Grassley places hold on two Trump nominees in push for explanation of watchdog firings
Sen. Chuck Grassley (R-Iowa) said on Thursday that he is placing a hold on two of President Trump’s nominees, saying the administration provided an “inadequate response” to his questions about the firing of two inspectors general.
Grassley is placing a hold on Christopher Miller’s nomination to be the director of the National Counterterrorism Center over the firing of intelligence community Inspector General Michael Atkinson.
He is also placing a hold on Marshall Billingslea’s nomination to be the under secretary of State for arms control and international security at the State Department for the ousting of State Department Inspector General Steven Linick.
Grassley said he will keep his holds in place until he gets an “explanation” for Atkinson’s firing and “sufficient reasons” for Linick’s.
“Im placing holds on 2 Trump Admin noms until I get reasons 4firing 2 agency watchdogs as required by law Not 1st time I’ve raised alarm when admins flout IG protection law Obama did same& got same earfull from me All I want is a reason 4 firing these ppl CHECKS&BALANCES,” Grassley tweeted.
The decision to place a hold on the nominees will require Senate Majority Leader Mitch McConnell (R-Ky.) to decide if he wants to eat up days of Senate floor time to get them confirmed. Grassley previously kept a hold on William Evanina’s director of the National Counterintelligence and Security Center nomination for nearly two years, and McConnell did not try to break the hold.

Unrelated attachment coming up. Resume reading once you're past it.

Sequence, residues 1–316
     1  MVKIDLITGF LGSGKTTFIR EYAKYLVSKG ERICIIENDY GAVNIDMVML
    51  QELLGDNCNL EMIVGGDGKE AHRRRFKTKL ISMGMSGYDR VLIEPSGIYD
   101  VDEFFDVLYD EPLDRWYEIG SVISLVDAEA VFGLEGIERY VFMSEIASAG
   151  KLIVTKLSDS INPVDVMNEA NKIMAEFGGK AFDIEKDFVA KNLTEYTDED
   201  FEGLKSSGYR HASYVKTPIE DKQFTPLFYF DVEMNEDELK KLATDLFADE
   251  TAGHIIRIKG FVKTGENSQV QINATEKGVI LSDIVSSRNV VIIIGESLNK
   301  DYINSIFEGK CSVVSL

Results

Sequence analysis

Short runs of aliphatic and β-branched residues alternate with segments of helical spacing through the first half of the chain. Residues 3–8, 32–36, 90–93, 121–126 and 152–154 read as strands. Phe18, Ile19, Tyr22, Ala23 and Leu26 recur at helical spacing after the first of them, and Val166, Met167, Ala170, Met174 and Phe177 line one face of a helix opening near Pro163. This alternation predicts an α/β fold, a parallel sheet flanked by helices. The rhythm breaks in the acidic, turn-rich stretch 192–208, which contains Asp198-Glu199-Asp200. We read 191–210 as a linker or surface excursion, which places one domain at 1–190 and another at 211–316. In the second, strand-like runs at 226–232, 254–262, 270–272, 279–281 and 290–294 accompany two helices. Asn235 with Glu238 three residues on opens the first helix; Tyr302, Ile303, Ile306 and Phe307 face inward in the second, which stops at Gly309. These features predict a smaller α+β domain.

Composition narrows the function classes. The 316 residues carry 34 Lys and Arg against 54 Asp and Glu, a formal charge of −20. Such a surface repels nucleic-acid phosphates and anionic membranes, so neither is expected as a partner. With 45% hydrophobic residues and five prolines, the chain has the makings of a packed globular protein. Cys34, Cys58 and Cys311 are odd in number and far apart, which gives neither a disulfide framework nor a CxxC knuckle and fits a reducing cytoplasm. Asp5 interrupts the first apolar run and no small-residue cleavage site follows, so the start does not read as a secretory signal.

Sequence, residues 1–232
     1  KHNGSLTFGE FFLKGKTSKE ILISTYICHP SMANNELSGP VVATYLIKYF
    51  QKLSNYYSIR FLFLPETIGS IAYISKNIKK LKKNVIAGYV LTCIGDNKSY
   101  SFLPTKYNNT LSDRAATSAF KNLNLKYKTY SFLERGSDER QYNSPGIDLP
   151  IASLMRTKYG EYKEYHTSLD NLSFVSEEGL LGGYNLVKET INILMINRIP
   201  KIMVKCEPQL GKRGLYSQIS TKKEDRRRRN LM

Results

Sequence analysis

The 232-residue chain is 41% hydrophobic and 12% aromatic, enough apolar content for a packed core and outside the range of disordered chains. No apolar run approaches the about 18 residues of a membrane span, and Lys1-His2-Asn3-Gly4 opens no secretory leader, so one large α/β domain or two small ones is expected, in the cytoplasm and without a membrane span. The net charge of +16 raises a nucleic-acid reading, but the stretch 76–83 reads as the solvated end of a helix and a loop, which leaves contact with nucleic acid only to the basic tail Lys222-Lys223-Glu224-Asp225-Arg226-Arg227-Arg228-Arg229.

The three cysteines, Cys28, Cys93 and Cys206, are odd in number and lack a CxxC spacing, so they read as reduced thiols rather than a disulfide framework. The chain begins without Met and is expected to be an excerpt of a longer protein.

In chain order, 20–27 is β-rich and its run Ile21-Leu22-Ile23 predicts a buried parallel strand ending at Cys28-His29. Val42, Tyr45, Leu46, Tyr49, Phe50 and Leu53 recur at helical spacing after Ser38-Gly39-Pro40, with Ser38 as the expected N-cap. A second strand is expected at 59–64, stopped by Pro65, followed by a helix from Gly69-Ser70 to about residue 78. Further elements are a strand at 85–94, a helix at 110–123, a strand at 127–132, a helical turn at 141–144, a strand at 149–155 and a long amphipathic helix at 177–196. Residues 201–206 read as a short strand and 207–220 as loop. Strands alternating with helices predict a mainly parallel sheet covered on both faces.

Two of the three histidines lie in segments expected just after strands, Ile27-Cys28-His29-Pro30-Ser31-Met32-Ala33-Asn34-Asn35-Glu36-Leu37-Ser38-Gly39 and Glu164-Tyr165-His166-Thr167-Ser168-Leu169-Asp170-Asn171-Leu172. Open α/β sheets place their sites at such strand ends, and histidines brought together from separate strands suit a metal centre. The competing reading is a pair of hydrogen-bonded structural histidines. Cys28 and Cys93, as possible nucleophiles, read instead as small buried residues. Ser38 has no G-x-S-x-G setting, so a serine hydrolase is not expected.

Grassley said late last month that the White House “failed to address” if Trump had a “good reason” to fire top watchdogs for the State Department and the intelligence community.
“The White House Counsel’s response failed to address this requirement, which Congress clearly stated in statute and accompanying reports. I don’t dispute the president’s authority under the Constitution, but without sufficient explanation, it’s fair to question the president’s rationale for removing an inspector general,” Grassley said at the time.
White House counsel Pat Cipollone told Grassley, who sent two letters about the firing, that Trump “acted within his constitutional and statutory authority.”
But Grassley countered in his statement on Thursday that the White House’s response had “no explanation for the removal” of Atkinson or Linick.